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Thyroid Hormone Supplementation Therapy for Differentiated Thyroid Cancer After Lobectomy: 5 Years of Follow-Up

Authors
 Soo Young Kim  ;  Hee Jun Kim  ;  Seok-Mo Kim  ;  Hojin Chang  ;  Yong Sang Lee  ;  Hang-Seok Chang  ;  Cheong Soo Park 
Citation
 FRONTIERS IN ENDOCRINOLOGY, Vol.11 : 520, 2020-07 
Journal Title
 FRONTIERS IN ENDOCRINOLOGY 
Issue Date
2020-07
Keywords
hypothyroidism ; levothyroxine supplementation ; low-risk differentiated thyroid cancer ; thyroid lobectomy ; thyroid stimulating hormone suppression
Abstract
Background: Lobectomy with preservation of the contralateral lobe has already become the most preferred surgical method for patients with low-risk thyroid cancer. The incidence of and risk factors for the development of hypothyroidism after lobectomy for thyroid cancer remains unclear. The previous practice of levothyroxine supplementation post-thyroidectomy, to bring about thyroid stimulating hormone (TSH) suppression, had some serious side effects. This study aimed to evaluate the incidence of hypothyroidism and to identify the factors associated with hypothyroidism requiring thyroid hormone replacement. Methods: We retrospectively reviewed the charts of 256 consecutive patients with differentiated thyroid cancer treated with lobectomy at the Gangnam Severance Hospital between April and December 2014 who were followed-up for more than 5 years. Patients were evaluated using a thyroid function test at the time of outpatient visit every 6 months for the 1st year, with an annual follow-up thereafter. Results: After 5 years, 66.0% (169) of the patients needed levothyroxine supplementation to maintain euthyroid status. The incidence of hypothyroidism requiring levothyroxine supplementation increased until 3 years but showed no significant change in the 4 and 5th year. Recurrence showed no difference between the group with and without levothyroxine supplementation. The presence of thyroiditis and preoperative TSH levels were correlated with postoperative levothyroxine supplementation to maintain euthyroid status, in univariate and multivariate analyses. Conclusion: High preoperative TSH levels and/or thyroiditis indicate a significantly increased likelihood of developing hypothyroidism requiring thyroid hormone supplementation after a thyroid lobectomy. Patients with an increased risk of postoperative hypothyroidism must be aware of their risk factors and should undergo more intensive follow-ups.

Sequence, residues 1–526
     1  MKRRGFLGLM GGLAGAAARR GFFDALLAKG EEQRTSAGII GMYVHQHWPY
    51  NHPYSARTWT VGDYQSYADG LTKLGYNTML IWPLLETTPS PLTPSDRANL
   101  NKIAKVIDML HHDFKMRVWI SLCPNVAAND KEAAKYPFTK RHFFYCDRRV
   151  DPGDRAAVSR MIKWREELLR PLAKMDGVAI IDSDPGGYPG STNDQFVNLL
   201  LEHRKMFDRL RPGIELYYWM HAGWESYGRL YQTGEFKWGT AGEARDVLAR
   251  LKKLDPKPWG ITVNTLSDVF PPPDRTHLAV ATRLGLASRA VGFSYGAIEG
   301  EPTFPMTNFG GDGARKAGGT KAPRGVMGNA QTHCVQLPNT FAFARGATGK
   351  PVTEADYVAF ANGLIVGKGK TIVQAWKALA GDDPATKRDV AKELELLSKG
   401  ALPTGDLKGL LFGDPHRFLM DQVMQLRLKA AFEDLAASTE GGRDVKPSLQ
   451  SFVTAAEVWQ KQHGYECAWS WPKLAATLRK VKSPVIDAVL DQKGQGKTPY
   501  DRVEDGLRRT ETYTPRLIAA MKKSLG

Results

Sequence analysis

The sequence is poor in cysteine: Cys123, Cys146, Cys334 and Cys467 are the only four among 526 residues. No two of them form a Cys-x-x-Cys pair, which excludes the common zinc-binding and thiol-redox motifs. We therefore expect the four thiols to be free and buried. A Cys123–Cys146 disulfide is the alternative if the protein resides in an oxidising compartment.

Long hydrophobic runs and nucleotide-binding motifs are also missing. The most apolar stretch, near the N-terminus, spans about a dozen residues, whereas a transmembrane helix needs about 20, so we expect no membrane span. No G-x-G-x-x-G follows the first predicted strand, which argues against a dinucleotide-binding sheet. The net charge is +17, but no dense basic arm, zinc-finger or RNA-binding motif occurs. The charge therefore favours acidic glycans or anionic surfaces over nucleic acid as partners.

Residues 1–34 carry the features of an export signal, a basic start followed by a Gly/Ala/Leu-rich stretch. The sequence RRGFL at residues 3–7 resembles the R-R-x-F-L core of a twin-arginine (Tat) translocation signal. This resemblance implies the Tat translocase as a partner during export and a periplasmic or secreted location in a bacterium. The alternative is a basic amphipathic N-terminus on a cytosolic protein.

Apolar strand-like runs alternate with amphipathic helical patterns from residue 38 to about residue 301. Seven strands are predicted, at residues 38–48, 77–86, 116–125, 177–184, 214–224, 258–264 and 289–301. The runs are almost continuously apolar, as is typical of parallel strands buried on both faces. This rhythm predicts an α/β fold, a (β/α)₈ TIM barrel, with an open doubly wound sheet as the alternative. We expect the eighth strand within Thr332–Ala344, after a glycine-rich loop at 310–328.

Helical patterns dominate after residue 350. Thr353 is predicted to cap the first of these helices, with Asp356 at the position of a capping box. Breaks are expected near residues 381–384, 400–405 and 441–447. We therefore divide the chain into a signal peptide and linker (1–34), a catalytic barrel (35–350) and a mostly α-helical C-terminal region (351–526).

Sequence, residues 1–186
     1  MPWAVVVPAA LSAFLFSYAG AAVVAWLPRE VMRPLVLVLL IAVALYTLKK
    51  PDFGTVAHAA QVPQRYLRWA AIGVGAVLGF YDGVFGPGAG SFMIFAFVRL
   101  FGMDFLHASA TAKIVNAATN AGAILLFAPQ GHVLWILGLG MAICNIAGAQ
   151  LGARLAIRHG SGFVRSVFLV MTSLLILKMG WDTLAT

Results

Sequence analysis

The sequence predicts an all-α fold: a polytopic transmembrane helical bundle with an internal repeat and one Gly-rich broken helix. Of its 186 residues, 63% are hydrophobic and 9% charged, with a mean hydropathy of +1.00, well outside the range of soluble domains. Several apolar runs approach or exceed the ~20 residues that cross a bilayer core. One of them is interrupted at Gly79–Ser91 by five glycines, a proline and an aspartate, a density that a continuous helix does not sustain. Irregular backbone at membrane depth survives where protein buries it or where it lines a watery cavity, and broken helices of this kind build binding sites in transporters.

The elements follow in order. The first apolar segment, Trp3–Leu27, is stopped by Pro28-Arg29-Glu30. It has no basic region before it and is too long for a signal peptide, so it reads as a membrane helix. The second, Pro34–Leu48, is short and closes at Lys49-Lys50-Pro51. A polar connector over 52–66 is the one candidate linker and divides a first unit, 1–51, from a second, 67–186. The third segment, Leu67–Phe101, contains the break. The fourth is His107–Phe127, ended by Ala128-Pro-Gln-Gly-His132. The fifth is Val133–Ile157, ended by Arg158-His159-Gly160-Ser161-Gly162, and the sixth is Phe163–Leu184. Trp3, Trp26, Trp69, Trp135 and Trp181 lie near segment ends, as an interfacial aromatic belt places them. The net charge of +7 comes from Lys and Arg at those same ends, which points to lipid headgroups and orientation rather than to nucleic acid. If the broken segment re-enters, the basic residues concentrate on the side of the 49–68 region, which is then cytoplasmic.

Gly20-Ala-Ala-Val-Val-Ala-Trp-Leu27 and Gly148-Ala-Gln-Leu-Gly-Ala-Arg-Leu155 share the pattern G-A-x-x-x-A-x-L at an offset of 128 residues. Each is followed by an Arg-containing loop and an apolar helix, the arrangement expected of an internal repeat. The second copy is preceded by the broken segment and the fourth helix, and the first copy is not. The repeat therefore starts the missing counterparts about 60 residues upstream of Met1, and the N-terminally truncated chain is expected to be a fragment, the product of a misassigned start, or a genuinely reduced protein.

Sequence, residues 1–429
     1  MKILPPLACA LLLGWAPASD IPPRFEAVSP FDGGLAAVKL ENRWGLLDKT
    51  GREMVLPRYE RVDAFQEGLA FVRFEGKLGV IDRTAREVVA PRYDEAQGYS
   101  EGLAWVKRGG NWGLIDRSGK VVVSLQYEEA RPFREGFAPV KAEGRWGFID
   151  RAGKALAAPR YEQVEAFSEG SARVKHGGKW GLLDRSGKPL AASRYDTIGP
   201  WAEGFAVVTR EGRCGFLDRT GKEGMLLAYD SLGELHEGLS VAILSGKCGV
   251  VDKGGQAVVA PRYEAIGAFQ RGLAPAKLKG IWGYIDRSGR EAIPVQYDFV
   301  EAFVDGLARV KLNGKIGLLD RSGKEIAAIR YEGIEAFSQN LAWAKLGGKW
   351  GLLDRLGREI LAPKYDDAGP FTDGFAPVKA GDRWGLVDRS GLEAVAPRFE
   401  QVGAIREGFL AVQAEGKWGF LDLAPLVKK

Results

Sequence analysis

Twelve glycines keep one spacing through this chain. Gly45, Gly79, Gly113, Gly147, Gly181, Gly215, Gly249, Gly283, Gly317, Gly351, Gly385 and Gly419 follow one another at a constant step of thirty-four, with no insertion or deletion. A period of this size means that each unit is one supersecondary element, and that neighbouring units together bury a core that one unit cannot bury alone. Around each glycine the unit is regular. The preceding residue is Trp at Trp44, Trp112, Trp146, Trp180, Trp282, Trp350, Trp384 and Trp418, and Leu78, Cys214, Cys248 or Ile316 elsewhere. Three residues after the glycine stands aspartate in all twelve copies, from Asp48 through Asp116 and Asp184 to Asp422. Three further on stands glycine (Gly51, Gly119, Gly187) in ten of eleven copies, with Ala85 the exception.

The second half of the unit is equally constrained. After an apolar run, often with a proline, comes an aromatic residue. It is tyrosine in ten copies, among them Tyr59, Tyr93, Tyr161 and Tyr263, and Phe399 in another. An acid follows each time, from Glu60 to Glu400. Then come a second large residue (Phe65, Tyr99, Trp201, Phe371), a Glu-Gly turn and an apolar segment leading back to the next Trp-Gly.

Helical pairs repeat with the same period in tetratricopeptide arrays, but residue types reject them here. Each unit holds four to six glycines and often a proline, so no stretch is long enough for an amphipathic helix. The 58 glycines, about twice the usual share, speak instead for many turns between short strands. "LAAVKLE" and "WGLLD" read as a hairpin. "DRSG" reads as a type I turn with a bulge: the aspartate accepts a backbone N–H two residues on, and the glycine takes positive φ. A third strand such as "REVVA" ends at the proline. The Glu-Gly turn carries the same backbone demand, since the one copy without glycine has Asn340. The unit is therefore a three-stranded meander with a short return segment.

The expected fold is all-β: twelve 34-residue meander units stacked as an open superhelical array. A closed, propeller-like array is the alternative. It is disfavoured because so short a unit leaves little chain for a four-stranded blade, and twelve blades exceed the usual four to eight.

Files in This Item:
T202003582.pdf Download
DOI
10.3389/fendo.2020.00520
Appears in Collections:
1. College of Medicine (의과대학) > Dept. of Surgery (외과학교실) > 1. Journal Papers
Yonsei Authors
Kim, Seok Mo(김석모) ORCID logo https://orcid.org/0000-0001-8070-0573
Kim, Soo Young(김수영) ORCID logo https://orcid.org/0000-0002-8919-3456
Kim, Hee Jun(김희준)
Park, Cheong Soo(박정수)
Lee, Yong Sang(이용상) ORCID logo https://orcid.org/0000-0002-8234-8718
Chang, Hang Seok(장항석) ORCID logo https://orcid.org/0000-0002-5162-103X
Chang, Ho Jin(장호진) ORCID logo https://orcid.org/0000-0002-8940-3484
URI
https://ir.ymlib.yonsei.ac.kr/handle/22282913/179995
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